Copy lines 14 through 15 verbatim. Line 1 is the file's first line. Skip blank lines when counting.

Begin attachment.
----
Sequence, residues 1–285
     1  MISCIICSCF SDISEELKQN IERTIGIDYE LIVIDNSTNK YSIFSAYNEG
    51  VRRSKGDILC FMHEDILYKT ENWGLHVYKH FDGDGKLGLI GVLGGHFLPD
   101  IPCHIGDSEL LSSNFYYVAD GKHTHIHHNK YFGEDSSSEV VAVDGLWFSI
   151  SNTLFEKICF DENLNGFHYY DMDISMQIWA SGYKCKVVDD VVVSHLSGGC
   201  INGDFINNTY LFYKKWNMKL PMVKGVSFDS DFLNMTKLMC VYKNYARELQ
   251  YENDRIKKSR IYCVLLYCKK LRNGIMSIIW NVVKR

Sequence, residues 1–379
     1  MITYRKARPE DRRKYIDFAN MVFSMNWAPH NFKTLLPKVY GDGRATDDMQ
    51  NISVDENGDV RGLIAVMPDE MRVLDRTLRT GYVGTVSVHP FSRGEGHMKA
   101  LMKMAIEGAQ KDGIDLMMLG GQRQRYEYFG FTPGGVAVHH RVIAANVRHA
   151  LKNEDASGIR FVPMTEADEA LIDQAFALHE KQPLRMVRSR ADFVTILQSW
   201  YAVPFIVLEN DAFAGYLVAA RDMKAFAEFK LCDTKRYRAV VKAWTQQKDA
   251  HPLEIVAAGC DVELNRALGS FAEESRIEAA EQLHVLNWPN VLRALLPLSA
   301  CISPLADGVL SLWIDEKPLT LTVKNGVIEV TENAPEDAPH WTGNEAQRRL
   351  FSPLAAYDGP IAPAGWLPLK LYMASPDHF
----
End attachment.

   251  HPLEIVAAGC DVELNRALGS FAEESRIEAA EQLHVLNWPN VLRALLPLSA
   301  CISPLADGVL SLWIDEKPLT LTVKNGVIEV TENAPEDAPH WTGNEAQRRL